Step 8. After about 3 hours of unraveling, regret not steeking (machine sewing a row of stitches, cutting the sleeve below those stitches (which will only unravel as far as the row of machine stitches), pick up new stitches).

Step 9. Realize that steeking is still an option. There's still plenty of fabric between the unraveled edge and the chosen row. What the hey! Steeking it is!

Step 10. Realize that I've never steeked before and now isn't the time to start.

Step 11. Back to the unraveling. (Note unraveling = unraveling up to a locking stitch, stretching out the locking stitch until it's big enough to slip through the small ball of yarn that's forming, continue until small ball is too big and cut yarn.) Many, many hours passed in this manner (not all in a row).

Step 12. Realize that continuing this way is going to end up with really big loops on the chosen row, caused by stretching out the locking stitch. This goal will not be achieved without scissors and a lifeline.

Step 13. Put in a lifeline. I slipped some embroidery thread through each stitch so that the thread would keep the row stitches from unraveling below that row. Like this:

Step 14. Get stitches on the needles. Holy crap! I never thought I'd live to see the day. This is over a week since I started.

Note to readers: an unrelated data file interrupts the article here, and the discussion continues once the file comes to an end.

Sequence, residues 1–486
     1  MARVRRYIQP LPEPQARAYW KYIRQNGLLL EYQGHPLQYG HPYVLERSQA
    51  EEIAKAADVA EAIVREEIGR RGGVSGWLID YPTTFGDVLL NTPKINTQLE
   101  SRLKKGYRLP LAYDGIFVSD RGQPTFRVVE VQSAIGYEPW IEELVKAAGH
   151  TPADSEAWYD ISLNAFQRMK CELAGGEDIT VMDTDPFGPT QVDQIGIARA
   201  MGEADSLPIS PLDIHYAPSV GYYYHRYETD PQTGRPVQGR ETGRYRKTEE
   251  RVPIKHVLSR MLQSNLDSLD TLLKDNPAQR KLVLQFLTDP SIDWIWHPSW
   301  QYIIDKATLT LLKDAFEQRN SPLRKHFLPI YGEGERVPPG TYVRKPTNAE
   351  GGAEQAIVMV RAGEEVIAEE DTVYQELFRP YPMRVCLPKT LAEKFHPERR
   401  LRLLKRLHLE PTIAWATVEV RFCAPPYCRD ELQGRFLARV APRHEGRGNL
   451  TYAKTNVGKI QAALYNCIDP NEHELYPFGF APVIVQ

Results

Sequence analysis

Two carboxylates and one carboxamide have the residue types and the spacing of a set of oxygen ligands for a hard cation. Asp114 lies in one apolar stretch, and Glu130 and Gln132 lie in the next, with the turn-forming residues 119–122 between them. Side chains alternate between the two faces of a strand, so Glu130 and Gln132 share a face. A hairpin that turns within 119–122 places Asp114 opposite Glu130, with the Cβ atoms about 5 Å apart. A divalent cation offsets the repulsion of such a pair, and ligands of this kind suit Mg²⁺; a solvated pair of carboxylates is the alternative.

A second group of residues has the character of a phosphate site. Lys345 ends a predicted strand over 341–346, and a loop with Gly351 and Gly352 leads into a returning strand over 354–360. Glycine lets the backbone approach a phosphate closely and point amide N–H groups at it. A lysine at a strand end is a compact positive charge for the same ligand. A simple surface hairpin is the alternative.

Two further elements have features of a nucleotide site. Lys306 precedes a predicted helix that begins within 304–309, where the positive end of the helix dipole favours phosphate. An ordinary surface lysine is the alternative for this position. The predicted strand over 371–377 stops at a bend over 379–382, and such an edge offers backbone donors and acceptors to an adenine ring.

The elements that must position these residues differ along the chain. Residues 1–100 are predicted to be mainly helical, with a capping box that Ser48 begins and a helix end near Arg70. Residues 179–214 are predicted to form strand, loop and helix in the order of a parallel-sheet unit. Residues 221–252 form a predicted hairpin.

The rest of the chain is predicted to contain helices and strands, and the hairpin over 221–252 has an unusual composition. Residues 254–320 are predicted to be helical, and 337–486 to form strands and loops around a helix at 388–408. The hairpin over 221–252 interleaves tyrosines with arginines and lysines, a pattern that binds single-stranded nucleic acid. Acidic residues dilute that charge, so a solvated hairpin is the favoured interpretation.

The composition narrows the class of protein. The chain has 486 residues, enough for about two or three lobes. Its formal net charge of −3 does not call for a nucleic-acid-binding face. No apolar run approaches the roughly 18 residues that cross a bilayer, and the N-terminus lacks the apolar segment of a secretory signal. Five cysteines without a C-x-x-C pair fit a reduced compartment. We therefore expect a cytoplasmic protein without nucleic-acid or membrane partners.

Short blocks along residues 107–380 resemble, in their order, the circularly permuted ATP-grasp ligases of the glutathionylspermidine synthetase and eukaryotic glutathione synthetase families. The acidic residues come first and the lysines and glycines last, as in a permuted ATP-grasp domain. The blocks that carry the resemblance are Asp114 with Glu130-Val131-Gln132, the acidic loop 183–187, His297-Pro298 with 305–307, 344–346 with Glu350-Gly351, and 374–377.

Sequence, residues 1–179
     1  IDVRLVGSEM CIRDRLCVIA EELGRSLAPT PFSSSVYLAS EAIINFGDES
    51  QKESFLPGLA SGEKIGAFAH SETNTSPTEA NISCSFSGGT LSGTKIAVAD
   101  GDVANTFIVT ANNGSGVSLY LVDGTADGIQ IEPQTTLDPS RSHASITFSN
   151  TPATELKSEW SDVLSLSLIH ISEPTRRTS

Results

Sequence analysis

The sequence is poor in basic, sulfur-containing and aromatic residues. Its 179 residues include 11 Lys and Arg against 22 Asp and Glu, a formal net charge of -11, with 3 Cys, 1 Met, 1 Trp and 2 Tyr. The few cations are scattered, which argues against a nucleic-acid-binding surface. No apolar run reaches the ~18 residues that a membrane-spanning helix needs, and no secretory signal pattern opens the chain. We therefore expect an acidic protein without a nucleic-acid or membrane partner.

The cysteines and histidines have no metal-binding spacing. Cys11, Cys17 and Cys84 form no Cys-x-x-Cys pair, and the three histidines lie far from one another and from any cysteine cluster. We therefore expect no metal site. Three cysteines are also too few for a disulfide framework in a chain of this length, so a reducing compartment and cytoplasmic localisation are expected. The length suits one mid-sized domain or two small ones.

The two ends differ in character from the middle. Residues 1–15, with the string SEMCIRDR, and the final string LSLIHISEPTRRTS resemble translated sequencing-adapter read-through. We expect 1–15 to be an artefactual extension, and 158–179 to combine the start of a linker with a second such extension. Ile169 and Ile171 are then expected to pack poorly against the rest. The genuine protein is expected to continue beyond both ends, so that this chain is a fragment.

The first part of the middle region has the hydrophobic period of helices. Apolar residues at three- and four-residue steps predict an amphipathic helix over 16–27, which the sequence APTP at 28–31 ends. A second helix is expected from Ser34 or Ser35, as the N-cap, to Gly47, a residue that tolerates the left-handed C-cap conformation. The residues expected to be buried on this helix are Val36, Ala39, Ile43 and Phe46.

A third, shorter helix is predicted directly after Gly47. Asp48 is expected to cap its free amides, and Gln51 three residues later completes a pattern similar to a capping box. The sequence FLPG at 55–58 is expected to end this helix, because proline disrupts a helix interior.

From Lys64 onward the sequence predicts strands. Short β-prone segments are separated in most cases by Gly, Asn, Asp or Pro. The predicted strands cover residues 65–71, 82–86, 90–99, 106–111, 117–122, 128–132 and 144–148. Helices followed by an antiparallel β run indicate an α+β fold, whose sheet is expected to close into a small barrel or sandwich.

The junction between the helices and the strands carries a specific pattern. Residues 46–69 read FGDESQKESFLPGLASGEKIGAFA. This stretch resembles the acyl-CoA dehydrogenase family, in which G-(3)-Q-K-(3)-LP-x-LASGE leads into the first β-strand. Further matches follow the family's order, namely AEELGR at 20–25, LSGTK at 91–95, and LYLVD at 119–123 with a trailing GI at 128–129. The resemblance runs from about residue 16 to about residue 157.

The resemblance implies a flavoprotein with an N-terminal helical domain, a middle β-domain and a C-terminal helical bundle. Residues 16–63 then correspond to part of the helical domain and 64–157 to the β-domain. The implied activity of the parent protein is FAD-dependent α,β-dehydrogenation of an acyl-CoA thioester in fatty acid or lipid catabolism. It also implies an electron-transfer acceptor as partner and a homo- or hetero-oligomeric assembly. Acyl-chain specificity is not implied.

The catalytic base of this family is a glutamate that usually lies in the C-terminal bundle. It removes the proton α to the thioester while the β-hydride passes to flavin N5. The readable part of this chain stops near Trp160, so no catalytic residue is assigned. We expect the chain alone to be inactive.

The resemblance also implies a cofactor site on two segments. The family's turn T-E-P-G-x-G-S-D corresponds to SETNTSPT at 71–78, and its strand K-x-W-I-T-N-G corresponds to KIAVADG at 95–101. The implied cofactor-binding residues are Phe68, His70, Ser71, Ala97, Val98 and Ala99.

Step 14. Measure the WPI (wraps per inch) of the yarn. I get 8 WPI, so it's aran weight.

Step 15. Determine needle size. Sizes 7, 8 or 9.

Step 16. Try size 9 because it feels right. Knit a few rows and measure gauge. I'm getting 8 stitches = 2 inches, which is too tight. Plus, it looks too tight.

Step 17. Tink back stitch by stitch because the thought of ripping back and then having to get the stitches back on the needle again gives me the vapors.

Step 18. Try size 10 needles. This time, the gauge is 7.5 stitches = 2 inches. Still too tight.

Step 19. Tink back again. It's OK. Sleeves don't have too any stitches in each row.

Step 20. Try a size 10.5 needle. This gets 7.25 stitches = 2 inches which is going to have to be close enough. Size 11s are too much bigger than 10.5s to be right. (These easy needle changes brought to you by Denise Interchangeable needles. The stitches stayed on the cord and I just changed the tips.)

Step Twenty-Freaking-One. Hey, that first row of reverse stockinette stitch isn't really popping. I wonder why that is. Oh hey! The evil designer who put in all those locking stitches did a row of stockinette stitch before the reverse stockinette so that all the stitches would stand out against the previous row. Without that, it kinds of blurs into the ribbing row above. Boy that evil designer is clever.